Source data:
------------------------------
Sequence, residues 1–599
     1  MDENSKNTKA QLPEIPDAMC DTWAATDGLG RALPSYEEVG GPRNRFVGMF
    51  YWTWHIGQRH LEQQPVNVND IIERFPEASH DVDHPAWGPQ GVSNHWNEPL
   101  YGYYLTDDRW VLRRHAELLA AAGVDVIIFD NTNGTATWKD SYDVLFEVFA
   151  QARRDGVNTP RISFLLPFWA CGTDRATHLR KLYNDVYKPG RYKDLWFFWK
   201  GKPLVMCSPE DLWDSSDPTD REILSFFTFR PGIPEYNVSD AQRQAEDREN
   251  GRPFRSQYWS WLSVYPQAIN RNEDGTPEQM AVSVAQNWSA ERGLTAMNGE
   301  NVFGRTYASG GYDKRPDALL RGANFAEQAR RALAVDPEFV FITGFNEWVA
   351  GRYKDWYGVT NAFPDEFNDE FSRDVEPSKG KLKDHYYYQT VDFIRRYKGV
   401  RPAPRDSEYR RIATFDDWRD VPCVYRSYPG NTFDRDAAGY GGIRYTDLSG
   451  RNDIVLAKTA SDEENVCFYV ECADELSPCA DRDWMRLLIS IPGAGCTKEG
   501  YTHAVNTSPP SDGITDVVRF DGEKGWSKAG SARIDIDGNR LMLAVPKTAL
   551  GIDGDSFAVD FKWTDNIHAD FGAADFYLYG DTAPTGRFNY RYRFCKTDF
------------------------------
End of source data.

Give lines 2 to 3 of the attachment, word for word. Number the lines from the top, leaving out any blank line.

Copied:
     1  MDENSKNTKA QLPEIPDAMC DTWAATDGLG RALPSYEEVG GPRNRFVGMF
    51  YWTWHIGQRH LEQQPVNVND IIERFPEASH DVDHPAWGPQ GVSNHWNEPL